The effects of IFRS adoption: a review of the literature
This paper provides a comprehensive classification, review and discussion of the body of literature that analyses the effects of IFRS, as intended by standard setters and adopting countries. Trends in the literature are identified and implications for future empirical research, for countries where IFRS has already been introduced and those where adoption is planned, are discussed. Further, other factors, which are also relevant for ensuring that the intended effects of IFRS are achieved, are examined across the different streams of IFRS research. While a number of potential IFRS benefits are still under-researched, and some methodological and sampling issues remain, it can nevertheless be concluded that IFRS adoption was successful in bringing about many of the expected benefits for the quality of financial reporting, the functioning of the capital markets and the efficient capital allocation worldwide. However, it must be noted that firm- and country-specific characteristics that shape the setting in which the standards are implemented also play a significant role in connection with the effectiveness of the introduction of IFRS.
Comparability, Disclosure Quality, Earnings Forecast Accuracy, Earnings Quality, Earnings Management, IFRS, Value Relevance
1. Introduction and motivation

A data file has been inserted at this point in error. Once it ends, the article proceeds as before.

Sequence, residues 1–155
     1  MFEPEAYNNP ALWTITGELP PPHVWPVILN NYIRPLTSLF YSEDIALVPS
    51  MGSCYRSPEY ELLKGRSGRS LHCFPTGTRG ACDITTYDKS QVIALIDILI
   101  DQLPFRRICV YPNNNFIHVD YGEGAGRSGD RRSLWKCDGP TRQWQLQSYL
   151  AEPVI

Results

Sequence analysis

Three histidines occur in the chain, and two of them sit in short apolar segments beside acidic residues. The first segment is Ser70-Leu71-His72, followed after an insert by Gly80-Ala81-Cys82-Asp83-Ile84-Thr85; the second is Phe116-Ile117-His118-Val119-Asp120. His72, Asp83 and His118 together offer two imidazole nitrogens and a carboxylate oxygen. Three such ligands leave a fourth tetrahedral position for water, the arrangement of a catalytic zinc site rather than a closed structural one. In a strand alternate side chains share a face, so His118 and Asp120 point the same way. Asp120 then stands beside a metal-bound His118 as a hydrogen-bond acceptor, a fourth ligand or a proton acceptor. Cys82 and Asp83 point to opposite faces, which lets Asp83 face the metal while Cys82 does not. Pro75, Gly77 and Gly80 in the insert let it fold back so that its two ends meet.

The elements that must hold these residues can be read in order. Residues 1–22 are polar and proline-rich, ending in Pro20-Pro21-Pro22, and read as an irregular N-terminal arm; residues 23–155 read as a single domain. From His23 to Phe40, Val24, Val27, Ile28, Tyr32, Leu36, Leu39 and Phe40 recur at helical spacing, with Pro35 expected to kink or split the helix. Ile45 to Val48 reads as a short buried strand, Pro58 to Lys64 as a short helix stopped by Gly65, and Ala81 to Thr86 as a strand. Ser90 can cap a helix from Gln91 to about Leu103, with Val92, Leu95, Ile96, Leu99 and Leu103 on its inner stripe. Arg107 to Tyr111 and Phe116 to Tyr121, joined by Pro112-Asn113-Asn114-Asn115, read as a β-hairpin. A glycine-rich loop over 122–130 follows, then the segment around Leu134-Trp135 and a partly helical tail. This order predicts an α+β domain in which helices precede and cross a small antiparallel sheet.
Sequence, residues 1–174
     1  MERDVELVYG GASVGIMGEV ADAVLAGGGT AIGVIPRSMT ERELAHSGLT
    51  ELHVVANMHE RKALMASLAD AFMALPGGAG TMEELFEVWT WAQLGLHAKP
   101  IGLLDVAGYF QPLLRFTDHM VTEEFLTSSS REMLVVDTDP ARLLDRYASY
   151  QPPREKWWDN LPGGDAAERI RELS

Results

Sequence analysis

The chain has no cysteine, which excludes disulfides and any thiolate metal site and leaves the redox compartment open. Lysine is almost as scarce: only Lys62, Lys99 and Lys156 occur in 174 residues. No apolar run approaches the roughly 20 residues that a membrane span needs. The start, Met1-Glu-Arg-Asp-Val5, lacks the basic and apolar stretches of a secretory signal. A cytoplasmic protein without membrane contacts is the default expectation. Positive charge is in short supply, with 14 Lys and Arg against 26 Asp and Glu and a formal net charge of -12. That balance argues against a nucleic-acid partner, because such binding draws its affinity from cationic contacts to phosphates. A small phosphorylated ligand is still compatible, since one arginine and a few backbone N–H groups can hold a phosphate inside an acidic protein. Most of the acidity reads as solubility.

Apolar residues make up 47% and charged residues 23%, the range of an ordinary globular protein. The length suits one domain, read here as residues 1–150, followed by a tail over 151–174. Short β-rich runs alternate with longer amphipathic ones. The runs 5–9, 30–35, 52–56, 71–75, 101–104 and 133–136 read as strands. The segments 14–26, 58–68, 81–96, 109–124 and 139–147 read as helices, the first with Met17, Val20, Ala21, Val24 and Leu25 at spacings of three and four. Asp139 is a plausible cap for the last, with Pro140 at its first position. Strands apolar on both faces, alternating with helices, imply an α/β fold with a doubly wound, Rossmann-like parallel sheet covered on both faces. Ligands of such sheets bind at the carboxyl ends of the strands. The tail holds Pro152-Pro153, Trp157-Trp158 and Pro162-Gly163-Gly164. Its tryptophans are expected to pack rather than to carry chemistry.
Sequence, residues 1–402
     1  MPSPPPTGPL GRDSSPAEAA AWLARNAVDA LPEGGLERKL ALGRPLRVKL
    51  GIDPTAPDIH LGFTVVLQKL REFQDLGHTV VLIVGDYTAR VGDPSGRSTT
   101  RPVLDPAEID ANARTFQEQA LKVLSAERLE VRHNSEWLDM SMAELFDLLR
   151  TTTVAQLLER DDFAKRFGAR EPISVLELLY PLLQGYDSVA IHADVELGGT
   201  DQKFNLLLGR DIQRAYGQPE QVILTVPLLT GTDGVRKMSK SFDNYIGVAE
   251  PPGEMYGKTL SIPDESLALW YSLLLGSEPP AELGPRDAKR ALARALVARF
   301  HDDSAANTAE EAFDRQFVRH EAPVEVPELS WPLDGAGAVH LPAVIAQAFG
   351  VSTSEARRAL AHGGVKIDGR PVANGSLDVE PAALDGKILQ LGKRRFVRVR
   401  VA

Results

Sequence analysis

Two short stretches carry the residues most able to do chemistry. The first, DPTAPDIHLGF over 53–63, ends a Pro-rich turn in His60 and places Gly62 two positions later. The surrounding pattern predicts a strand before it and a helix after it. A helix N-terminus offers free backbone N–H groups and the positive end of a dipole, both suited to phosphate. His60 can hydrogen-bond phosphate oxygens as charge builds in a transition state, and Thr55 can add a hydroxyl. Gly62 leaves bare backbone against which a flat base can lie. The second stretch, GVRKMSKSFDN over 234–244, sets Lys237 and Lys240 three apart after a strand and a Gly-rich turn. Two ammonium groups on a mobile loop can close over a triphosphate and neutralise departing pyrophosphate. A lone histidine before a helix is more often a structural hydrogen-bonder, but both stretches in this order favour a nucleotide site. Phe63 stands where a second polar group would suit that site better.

The amount of research on the effects of the adoption of International Financial Reporting Standards (IFRS) in currently about 120 different countries worldwide has increased rapidly over the last three years. Despite the remaining gaps in the literature and issues with research methods (as well as some conflicting findings), the extant evidence does suggest that IFRS have the potential to achieve the positive effects that standard setters, as well as adopting countries, are aiming for. However, the tendency in this literature is to suggest that the adoption of a single set of reporting standards alone is unlikely to be sufficient to guarantee a uniform level of high quality reporting or to result in similar economic and macroeconomic benefits accruing across the different adopting countries. Rather, there are various factors that need to be considered in combination with the strategy for implementation. In the past, a substantial amount of research has focused on certain characteristics of institutional, legal and enforcement frameworks. In addition, it has focussed on cultural and traditional differences between countries that also affect financial reporting outcomes, alongside the reporting standards used. In studies by Ball, Kothari and Robin (2000) and La Porta, Lopez-de-Silanes, Shleifer and Vishny (1996) among others, an important classification was established, which divides countries into common law and code law traditions, in which common law legal origin takes a shareholder focus and the code law tradition takes an approach that focuses on certain stakeholders. Between these two traditions, factors such as investor protection, ownership structure, capital market development and activity, and links between financial and tax reporting, as well as enforcement systems, differ substantially. As IFRS were developed to a great extent in the UK, which is a common law country, and focus on shareholder information needs and their protection, some researchers argue that the institutional and legal environment in a specific country that has adopted (or plans to adopt) IFRS can have a significant impact on the effectiveness of IFRS in achieving the intended benefits [Ball, 2006; Sunder, 2002]. In regions such as the French legal origin countries (for example, France, Greece and Spain) or German legal origins (for example, Germany, Austria and Switzerland), it can be argued that this environment could potentially hinder the effectiveness of the stock market-oriented IFRS in connection with increasing investor protection, financial reporting quality and capital...
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